Projections of population growth

World population growth 1700–2100

Population projections are attempts to show how the human population living today will change in the future.[1] These projections are an important input to forecasts of the population’s impact on this planet and humanity’s future well-being.[2]

The 2019 forecast from the United Nation’s Population Division shows that world population growth peaked at 2.1% per year in 1962, has since dropped to 1.0%, and could drop even further to 0.1% by 2100, a growth rate not seen since pre-industrial revolution days.[3]

World population prospects, 2019

Based on this, the UN Population Division expects world population, currently (2020) at 7.8 billion, to level out at or soon after the end of the 21st Century at 10.9 billion (the median line),[4][5] assuming a continuing decrease in the global average fertility rate from 2.5 births per woman during the 2015–2020 period to 1.9 in 2095–2100, according to the medium-variant projection.[6]

About two thirds of the predicted growth in population between 2020 and 2050 will take place in Africa.[7]

Because of population momentum the global population will continue to grow, although at a steadily slower rate, for the remainder of this century, but the main driver of long-term future population growth will be the evolution of the global average fertility rate.[6]

Growth regionsEdit

The table below shows that from 2020 to 2050, the bulk of the world's population growth is predicted to take place in Africa: of the additional 1.9 billion people projected between 2020 and 2050, 1.2 billion will be added in Africa, 0.7 billion in Asia and zero in the rest of the world. Africa's share of global population is projected to grow from 17% in 2020 to 26% in 2050 and 39% by 2100, while the share of Asia will fall from 59% in 2020 to 55% in 2050 and 43% in 2100.[8][7]The strong growth of the African population will happen regardless of the rate of decrease of fertility, because of the exceptional proportion of young people already living today. For example, the UN projects that the population of Nigeria will surpass that of the United States by about 2050.[5]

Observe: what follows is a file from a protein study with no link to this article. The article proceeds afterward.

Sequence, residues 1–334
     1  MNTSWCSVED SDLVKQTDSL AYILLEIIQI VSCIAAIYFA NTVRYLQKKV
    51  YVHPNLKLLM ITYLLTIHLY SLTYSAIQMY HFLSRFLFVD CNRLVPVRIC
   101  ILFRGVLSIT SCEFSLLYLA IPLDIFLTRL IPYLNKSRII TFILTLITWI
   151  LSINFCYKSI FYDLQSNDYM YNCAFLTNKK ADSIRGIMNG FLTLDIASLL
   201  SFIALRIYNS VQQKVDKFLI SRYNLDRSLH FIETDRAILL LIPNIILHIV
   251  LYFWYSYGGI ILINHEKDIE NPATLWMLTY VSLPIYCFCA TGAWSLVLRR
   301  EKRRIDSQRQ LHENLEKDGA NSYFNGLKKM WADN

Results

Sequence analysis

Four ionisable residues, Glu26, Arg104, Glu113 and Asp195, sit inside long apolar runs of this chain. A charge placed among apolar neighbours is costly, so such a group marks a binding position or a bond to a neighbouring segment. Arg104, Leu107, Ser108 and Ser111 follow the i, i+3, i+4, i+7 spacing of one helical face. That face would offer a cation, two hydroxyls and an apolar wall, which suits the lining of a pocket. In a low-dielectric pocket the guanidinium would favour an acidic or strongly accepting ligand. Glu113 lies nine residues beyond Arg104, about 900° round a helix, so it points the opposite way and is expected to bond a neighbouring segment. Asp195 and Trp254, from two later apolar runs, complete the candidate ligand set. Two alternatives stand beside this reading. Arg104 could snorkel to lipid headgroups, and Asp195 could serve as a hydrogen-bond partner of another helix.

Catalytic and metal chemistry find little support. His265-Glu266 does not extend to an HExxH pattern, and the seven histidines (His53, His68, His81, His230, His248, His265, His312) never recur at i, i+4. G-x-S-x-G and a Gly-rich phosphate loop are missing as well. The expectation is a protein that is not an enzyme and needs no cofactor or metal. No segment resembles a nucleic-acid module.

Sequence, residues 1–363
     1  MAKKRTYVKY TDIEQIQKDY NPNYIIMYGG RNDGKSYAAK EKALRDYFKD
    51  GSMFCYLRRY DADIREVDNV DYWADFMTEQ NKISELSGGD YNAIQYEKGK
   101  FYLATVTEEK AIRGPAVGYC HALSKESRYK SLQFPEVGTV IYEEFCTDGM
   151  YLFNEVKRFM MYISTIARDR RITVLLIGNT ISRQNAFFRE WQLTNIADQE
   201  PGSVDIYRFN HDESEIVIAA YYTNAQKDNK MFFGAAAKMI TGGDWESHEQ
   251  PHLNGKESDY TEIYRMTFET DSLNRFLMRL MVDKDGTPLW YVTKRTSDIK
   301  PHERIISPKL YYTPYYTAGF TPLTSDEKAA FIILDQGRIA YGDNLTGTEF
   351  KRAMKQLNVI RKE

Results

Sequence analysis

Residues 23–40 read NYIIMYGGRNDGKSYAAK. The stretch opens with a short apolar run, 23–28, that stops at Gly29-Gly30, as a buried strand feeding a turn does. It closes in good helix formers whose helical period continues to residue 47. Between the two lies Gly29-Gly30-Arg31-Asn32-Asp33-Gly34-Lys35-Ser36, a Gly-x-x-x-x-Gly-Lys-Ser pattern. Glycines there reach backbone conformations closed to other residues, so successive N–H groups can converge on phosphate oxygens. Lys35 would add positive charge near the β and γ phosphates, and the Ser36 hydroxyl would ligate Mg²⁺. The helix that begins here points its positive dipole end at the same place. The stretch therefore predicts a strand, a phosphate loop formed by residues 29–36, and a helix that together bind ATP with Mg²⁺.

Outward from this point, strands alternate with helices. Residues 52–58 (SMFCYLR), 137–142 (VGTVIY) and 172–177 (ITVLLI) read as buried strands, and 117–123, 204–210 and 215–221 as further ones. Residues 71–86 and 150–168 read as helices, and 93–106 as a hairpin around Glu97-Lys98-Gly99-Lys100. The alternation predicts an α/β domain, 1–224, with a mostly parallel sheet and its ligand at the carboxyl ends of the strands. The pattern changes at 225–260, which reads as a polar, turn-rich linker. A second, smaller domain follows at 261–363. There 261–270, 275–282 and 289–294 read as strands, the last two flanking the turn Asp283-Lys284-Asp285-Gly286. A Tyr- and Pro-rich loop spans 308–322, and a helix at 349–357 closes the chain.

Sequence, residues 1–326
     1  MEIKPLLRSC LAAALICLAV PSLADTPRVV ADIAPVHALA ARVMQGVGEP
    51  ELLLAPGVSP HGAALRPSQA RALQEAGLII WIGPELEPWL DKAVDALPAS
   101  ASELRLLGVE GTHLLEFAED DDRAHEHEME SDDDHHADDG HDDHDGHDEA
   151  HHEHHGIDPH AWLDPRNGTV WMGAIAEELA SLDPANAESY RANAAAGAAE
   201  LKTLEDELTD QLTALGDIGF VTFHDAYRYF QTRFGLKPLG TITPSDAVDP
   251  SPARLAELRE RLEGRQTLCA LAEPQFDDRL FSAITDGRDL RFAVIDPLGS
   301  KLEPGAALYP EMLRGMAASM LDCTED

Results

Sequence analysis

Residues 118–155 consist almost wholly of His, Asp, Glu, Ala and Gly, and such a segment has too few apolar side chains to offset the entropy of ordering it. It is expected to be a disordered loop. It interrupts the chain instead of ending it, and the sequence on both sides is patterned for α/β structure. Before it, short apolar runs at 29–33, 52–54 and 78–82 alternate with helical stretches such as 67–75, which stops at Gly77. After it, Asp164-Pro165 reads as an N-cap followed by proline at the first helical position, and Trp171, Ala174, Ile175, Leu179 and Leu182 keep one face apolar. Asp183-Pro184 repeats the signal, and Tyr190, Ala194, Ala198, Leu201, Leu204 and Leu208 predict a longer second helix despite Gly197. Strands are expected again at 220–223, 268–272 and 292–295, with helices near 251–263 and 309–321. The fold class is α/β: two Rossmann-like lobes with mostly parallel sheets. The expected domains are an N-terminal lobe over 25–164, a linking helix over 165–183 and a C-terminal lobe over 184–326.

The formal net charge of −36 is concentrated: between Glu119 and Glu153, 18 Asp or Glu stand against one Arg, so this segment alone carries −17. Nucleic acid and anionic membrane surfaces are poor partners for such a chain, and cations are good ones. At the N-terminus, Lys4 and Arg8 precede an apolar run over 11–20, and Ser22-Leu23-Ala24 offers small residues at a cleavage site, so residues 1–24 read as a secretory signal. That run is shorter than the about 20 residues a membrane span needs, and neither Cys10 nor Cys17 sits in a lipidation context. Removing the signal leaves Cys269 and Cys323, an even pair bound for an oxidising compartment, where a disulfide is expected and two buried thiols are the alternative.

Sources of Population Growth
Region Pop

2020

% of

Total

Pop

2050

% of

Total

Chg

2020–50

Pop

2100

% of

Total

Africa 1.3 17 2.5 26 1.2 4.3 39
Asia 4.6 59 5.3 55 0.7 4.7 43
Other 1.9 24 1.9 20 0.0 1.9 17
World 7.8 100 9.7 100 1.9 10.9 100